Kurian Tharakan ('86 BCom)

Julia Rudolf, BAA Communications Committee Co-Chair - 8 June 2020

Kurian Mathew Tharakan ('86 BCom) is a bestselling author and the Founder and Managing Director of strategic marketing firm StrategyPeak Sales and Marketing Advisors. Kurian has remained actively involved in the Business Alumni Association (BAA) throughout his career. He shares with us some insight into his BAA experiences, his business, and his book.

Kurian Tharakan

BAA: Tell us about your involvement with the Business Alumni Association.

Kurian: In 1990, a friend of mine, Larry Jenkinson, called me to see if I wanted to join him at the first fall board meeting of the recently minted Business Alumni Association. Larry had been involved with the BAA since its inception in 1988 and thought that I might enjoy it. What ensued was a rich involvement with the School, its students, and its faculty and staff that continues right up until today. During that time, I’ve served on all of the BAA’s sub-committees, was its Vice-President twice (ask me about the coup d’etat that led to my exile to the back ranks next time you see me), and eventually as its President. When I’ve given the BAA welcome address to grad classes, I tell them that some of my best friendships, best business relationships, and even my first wife have come as a direct result of my involvement with the association. (For those of you wondering, there is a small fee associated with the introduction service.) Becoming involved with the BAA was one of my life’s crucial inflection points. Funny how that works when you think you are merely joining a friend to attend a small meeting of a new alumni association.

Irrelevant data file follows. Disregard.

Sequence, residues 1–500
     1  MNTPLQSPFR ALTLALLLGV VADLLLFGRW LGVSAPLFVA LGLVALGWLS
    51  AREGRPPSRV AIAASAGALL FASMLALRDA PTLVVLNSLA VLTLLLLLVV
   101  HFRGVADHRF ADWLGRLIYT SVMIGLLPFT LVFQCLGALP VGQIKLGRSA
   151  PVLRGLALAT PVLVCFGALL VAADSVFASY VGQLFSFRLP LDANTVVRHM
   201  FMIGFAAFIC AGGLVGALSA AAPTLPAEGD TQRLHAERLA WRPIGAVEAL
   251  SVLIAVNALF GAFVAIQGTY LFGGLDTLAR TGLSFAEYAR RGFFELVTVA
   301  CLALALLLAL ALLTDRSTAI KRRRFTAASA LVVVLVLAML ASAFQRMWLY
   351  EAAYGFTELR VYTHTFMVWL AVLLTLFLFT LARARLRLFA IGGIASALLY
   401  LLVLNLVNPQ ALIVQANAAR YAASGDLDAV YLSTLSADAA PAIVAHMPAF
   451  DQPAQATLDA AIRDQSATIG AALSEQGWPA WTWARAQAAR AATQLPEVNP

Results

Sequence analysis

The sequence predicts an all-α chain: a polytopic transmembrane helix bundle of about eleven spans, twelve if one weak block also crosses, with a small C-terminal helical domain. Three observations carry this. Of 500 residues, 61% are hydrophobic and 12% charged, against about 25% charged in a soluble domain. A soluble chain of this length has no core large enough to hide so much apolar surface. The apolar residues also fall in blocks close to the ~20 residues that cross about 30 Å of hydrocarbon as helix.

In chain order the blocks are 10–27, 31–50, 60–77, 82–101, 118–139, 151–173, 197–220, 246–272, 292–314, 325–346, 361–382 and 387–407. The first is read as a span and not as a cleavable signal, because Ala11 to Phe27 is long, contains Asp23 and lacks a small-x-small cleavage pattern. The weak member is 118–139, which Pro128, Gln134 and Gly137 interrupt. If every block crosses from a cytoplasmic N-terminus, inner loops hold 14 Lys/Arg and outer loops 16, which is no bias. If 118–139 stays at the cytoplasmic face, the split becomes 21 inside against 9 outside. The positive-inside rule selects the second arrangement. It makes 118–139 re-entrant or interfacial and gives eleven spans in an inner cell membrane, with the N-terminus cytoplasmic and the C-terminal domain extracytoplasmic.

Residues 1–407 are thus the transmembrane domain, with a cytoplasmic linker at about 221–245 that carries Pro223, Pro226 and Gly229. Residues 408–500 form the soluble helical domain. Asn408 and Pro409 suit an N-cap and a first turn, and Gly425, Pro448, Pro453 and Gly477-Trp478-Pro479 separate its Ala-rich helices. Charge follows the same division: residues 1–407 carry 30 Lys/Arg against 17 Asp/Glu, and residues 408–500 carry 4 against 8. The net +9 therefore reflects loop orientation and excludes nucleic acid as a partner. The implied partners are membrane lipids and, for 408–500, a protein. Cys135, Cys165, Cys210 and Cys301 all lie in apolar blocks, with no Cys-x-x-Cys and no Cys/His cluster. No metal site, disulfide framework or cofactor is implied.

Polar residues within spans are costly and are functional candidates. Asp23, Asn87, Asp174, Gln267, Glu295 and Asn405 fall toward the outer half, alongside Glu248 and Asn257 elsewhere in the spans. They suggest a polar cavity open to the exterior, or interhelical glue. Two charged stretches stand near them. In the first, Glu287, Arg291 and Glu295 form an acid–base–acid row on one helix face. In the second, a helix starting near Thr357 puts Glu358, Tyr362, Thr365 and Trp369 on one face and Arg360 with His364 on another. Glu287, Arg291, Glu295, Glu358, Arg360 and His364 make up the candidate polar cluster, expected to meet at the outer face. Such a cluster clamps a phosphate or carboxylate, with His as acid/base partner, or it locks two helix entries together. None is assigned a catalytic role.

BAA: What are some of your most memorable BAA moments?

Kurian: Going with our executive to the Duncan and Craig Law Offices after hours to crank out the newsletter on an IBM Selectric typewriter.

Several years after graduating, having to tell an angry classmate that the reason he wasn’t receiving the BAA newsletter mailout was not because of any incompetence in the Alumni Relations Office, but because he didn’t actually graduate from the School; he was three credits shy. His response, “My mom will be very disappointed.” He eventually went back and got his extra credits.

Having former Premier Peter Lougheed speak at our Annual Dinner, which resulted in a record 515 people attending.

Attending many, many meetings after the meetings, at Earl’s on Campus.

Connecting with hundreds upon hundreds of accomplished people who had a genuine interest in a continued relationship with the School. I keep in touch with many of them to this day!

BAA: Can you share a bit about your business, StrategyPeak? What kind of work do you do?